Friday, November 09, 2007

Mixmaster

To the amusement or annoyance (or both) of family and friends, Trey and I still celebrate the anniversary of our first date.

Goofy? Yeah. But it's a fun and easy day (11.11.88)
to remember a fun and easy time. Although I do wince at the memory of the spiral perm, acid-washed jeans and bedazzled ankle boots I so proudly sported that night. Yeesh.

I should note that it's not always an elaborate observation; according to a 2005 calendar I recently unearthed, it appears that I marked the date with an eyebrow wax.

I feel certain that I was thinking of my beloved as each errant hair was torn from its follicle.

This year, we're taking the show on the road, back to where it all began.

In the morning, we'll kiss the muppers good-bye and leave them in the very capable hands of their Nana, Uncle John and Aunt Mar. Then we'll be free to spend twenty-four hours 'round our college stomping grounds, in Austin.

I think every one of the forty acres holds some memory of Trey and me, young and in love. The love, I'm happy to report, hasn't faded one iota with the passage of time, but some of the memories have gotten a little hazy.

Thank goodness I kept a journal. Too bad I don't have the foggiest idea where it is.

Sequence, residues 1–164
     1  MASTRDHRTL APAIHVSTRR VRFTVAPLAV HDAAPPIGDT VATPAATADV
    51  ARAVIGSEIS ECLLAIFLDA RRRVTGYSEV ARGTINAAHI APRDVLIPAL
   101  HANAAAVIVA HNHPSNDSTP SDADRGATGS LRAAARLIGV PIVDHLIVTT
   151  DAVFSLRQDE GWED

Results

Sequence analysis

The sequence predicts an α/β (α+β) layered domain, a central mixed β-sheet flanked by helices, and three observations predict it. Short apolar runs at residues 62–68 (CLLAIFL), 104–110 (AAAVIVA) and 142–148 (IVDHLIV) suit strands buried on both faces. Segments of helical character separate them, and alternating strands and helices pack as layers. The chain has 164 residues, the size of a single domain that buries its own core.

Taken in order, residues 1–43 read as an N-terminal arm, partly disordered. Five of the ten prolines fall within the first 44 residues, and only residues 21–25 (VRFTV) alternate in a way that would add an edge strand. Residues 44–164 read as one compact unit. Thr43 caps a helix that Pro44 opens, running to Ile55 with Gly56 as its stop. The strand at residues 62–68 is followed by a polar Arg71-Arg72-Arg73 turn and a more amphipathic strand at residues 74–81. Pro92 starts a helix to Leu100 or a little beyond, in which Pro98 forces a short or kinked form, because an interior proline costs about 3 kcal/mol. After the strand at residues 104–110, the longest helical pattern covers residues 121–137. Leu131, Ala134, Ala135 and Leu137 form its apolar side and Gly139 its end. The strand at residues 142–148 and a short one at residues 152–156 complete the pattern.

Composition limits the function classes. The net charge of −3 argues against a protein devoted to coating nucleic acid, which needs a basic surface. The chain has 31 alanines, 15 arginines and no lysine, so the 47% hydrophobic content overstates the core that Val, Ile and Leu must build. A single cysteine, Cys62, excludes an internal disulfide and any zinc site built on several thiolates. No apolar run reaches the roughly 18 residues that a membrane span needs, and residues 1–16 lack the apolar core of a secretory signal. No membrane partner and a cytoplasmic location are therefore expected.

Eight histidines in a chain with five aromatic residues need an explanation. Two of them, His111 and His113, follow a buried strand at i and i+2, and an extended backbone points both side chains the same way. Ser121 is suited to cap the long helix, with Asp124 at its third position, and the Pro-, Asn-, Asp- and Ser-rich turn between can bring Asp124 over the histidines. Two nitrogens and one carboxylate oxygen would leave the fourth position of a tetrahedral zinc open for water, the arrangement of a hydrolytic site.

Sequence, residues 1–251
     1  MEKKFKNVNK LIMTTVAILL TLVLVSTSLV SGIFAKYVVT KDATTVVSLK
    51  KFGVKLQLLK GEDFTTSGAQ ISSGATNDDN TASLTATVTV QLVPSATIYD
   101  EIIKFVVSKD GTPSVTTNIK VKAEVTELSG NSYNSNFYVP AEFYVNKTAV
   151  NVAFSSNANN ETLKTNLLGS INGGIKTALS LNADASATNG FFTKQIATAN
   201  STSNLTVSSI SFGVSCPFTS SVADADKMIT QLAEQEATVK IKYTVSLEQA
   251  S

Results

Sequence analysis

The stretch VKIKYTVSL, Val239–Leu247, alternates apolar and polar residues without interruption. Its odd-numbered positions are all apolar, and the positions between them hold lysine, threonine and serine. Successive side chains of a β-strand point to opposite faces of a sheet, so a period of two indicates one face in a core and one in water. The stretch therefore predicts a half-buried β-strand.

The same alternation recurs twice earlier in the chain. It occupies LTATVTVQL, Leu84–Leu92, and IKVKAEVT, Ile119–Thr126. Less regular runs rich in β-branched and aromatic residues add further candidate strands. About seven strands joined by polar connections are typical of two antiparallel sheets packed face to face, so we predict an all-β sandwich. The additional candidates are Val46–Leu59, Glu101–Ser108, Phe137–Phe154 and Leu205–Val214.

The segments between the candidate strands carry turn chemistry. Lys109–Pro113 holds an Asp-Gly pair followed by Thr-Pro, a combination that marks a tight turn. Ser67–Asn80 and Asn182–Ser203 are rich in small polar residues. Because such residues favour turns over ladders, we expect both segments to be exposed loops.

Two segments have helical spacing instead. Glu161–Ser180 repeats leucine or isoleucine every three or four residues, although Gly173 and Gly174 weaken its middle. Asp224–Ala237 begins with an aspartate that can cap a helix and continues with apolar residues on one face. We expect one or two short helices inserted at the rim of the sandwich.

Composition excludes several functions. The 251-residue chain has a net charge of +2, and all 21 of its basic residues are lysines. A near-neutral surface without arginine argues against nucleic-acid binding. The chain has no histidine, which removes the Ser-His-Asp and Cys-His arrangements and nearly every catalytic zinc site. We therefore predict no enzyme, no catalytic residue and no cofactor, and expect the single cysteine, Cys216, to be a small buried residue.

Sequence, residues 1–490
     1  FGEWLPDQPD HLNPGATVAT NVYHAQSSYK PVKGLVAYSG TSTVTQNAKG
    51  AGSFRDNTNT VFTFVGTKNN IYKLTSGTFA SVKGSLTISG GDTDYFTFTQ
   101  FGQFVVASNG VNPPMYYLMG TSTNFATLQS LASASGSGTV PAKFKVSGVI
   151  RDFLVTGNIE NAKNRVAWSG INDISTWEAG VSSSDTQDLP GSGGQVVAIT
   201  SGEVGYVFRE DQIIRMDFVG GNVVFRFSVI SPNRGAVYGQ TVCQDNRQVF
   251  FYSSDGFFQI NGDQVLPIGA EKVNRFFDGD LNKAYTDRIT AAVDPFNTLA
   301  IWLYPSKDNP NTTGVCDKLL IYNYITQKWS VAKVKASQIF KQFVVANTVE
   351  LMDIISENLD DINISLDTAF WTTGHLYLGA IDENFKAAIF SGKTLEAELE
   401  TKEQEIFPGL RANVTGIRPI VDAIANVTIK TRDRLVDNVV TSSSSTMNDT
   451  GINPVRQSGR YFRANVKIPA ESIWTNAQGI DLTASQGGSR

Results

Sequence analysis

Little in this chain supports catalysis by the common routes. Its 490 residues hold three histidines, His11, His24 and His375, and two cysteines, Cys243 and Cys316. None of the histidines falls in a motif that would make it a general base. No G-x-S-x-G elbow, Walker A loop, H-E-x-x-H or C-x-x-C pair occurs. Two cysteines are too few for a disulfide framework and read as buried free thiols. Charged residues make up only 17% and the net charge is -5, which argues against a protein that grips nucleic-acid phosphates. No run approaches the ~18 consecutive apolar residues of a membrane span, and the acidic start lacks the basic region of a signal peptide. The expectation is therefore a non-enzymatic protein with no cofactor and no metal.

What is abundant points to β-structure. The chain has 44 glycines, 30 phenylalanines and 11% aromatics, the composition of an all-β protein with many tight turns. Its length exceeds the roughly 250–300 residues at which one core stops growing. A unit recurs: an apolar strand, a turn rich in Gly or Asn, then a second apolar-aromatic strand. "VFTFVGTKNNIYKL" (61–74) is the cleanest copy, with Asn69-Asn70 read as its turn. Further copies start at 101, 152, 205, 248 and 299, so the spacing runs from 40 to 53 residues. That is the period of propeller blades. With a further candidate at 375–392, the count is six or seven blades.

However: I was able to dig up and dust off a diary from 1993, in which I rather melodramatically recalled the events that had led to my happy status as FIANCEE, y'all.

Rereading it this afternoon, I was struck by a pair of revelations. First, at one point in my life, my writing was actually legible. Today, not so much.

And second, I dedicated less of my adorable twentysomething scrawl to the night of our first date, and much more to the night we met. Which was nineteen years ago this very evening.

Now, I'm no Ree; I lack the material, mad writing skillz and attention span to weave a breathtaking tale with more cliffhangers and hiney tingles than a Friday-afternoon episode of Days of Our Lives.

But I think our little story warrants one blog post, at least. So, with minor editing for only the most cringeworthy snippets, here's my account of how it all began.

+++

In my first three months as an Austinite, I occupied the world of a wide-eyed freshman: classes, dorm life, new friends, a vast dating pool and the demands of sorority.

Sorority meant near-constant meetings and regular mixers, all of which required my attendance. I chafed at the rules and regularly questioned my decision to go Greek, but I had a small, comfortable group of friends in my pledge class who made it easier for me to stick things out a while longer.

Said friends were excited when, at yet another meeting, it was announced that our next mixer would be with the Betas.

One friend bemoaned the fact that her ex-boyfriend would probably be in attendance. We repeated his name and solemnly agreed that, at the request of our sister, Trey Franklin would be declared off-limits.

I cared as little about the ex-boyfriend as about the mixer itself. I'd been invited to another party that sounded like more fun, but when my friends Bry and Jenn asked me for a ride to the mixer, I reluctantly made the commitment to attend.

So on Wednesday, the night after George Bush was elected president, I donned a cream turtleneck, a black argyle cardigan and a black miniskirt, and Bry, Jenn and I struck out for a bar called Sixth Street Live.